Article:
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Who was that man? And, more importantly, why did she know him?
Julia Antonia risked another look at the man standing in the portico of the baths. It was not his bronzed muscular legs emerging from his almost too-short tunic nor the breadth of his shoulders that captured her attention, but rather the planes of his shadowed face. She knew those features as intimately as she knew an old friend's and yet, when she heard him speak to his companion, she knew she had never heard his voice before.
His gaze caught hers and it seemed as if he could look into her soul. He arched an eyebrow and nodded. Did he recognise her as well? Her fingers pulled her russet shawl more firmly about her head and shoulders and smoothed the folds of her green wool gown, making sure she was dressed in a manner appropriate for a Roman matron.
Sabina Claudia, her stepmother, gave that high-pitched cackle she always used when she tore some unsuspecting matron's reputation to shreds and threw the scraps into the swollen river of Roman gossip. Sabina's friends leant forward, their shawls quivering, eager to hear the latest juicy morsel, crowding out Julia's view of the stranger. When she had the time to glance back, the man had gone, vanishing into the busy marketplace as if he had never been there.
Where had she seen him before? His features were so familiar and yet she was positive she had never encountered him before. She'd have remembered that low rumble of a voice. The answer was on the tip of her tongue. She stared at where he had been, willing the answer to come or otherwise it would bother her for days.
"Where can that litter be? I told them I wanted to be picked up at the fifth hour, not at half past," Julia's stepmother's annoyed voice broke through Julia's concentration. "You can't get decent help these days for love or money."
Sabina's harpies sighed in agreement. "Shall I go and check? It sounds like a crowd has gathered up there." Julia pointed to one of the side streets. It would do no good to remind Sabina that her husband was using their one litter for court and had promised to send it when he could. "It could be held up. In any case, then we will know why the crowds are there."
She hurried away, without waiting for an answer. No doubt, Sabina Claudia had turned back to her cronies with a sigh and the complaint: 'Poor creature, with no tire-woman to do her bidding, but what can one expect if one chooses to divorce a senator?" No doubt, the women would agree and it would signal another long gossip about Julia's failings and the scandal she had caused.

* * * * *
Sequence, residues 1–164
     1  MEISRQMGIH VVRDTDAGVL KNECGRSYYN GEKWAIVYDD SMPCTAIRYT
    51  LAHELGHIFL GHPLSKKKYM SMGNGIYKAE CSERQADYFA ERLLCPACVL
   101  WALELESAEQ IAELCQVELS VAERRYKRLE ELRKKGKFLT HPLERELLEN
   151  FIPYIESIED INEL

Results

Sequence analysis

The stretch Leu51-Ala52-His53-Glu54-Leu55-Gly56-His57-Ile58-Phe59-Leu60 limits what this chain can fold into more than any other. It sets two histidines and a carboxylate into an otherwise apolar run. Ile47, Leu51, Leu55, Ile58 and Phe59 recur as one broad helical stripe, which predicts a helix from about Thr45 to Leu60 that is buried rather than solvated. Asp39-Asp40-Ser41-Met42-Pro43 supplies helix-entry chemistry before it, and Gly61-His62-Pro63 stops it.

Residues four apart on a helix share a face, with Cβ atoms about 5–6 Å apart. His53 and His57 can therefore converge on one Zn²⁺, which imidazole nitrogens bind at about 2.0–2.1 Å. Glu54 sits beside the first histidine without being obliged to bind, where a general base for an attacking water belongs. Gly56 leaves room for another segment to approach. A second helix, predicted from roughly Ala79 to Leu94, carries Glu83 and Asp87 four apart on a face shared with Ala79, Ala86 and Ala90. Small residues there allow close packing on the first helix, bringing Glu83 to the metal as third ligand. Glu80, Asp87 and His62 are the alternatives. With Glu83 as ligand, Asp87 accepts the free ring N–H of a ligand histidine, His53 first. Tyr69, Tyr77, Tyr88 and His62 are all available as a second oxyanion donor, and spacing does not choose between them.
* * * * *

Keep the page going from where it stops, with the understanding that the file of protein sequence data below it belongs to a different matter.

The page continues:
Julia held her head higher and quickened her pace. She did not regret divorcing Lucius Gracchus with his three chins, flabby fingers that curled into hard fists and lightning-quick temper. The wonder was that she had endured it for three and a half years. Every night, she went down on her knees and thanked Minerva that she had finally had the courage to leave.
"Excuse me," she asked a porter balancing a basket of fish on his head, "do you know why the crowd has gathered?"
The porter's eyes slid passed her and he moved on without answering. Julia wrinkled her nose, torn between discovering the reason for the gathering crowd and returning to the safety of the portico. The crowd was the most interesting thing to happen to her in days, other than catching sight of that mysterious man.
"Gladiators," came the answer from a smooth rich voice from behind her right shoulder.
Julia spun round and found herself staring at the man from the portico. Close up, she could see the way the fine white linen of his tunic strained against his massive chest, and the bulge of his arm muscles as if he spent hour after in the gymnasium or on the practice fields. If only her mind would remember. She tilted her head. "Gladiators?"
"That crowd are waiting to see the gladiators arrive. Julius Caesar, in his capacity as Aedile in charge of all public entertainment, is assembling the largest troop of gladiators Rome has ever seen. He is offering the games in honour of his late father. Today is the day they start entering the city of Romulus."
"Is that so?" Julia's heart sank. She had forgotten today's promised spectacle. The news would not improve Sabina's temper. Her stepmother disapproved of the games and the time her father spent watching them. It was about the only thing she and Julia had some sort of mutual agreement on. "I had forgotten. Not everyone follows the games, you know. Is that why you are here?"
"In a manner of speaking." A smile tugged at the corners of his mouth. A twinkle shone in his eyes. "But I would rather speak about you. Why you are here—and why you followed me from the portico."
"I didn't," Julia protested. "I wanted to see what the disturbance was."
"Ah, yes. It is all coincidence." He looped his thumbs through his belt. "You try to attract my attention, signalling with your eyes to meet out here and then you deny it ever happened. Bold but intriguing."
Julia gulped. Had her actions been misinterpreted? She had only wanted to know where they had met before and why she seemed to know him. She stared at her hands. Now was the perfect chance. Once she had worked out where she knew him from, then the rest could be dismissed with a laugh and shrug of her shoulders. It would do no good to deny her actions. She was finished with that sort of behaviour.
"Do I know you from somewhere?" Julia asked in a rush before her nerve failed. She had to put her mind at rest. She fixed her gaze on the bright red awning of the market stall, rather than risking another glance upwards at his dark fringed eyes. "I saw you outside the baths and thought we had met somewhere before, but could not remember where."
"I'm Valens." The man gave a slight bow. "In the flesh—and you are?"
"Julia Antonia. Should I know your name?'Julia forced her lips to curve upwards and arched an eyebrow. "Perhaps you could give me more of a clue to your identity. After all, Rome is the largest city in the world and there are very few who can go by one name."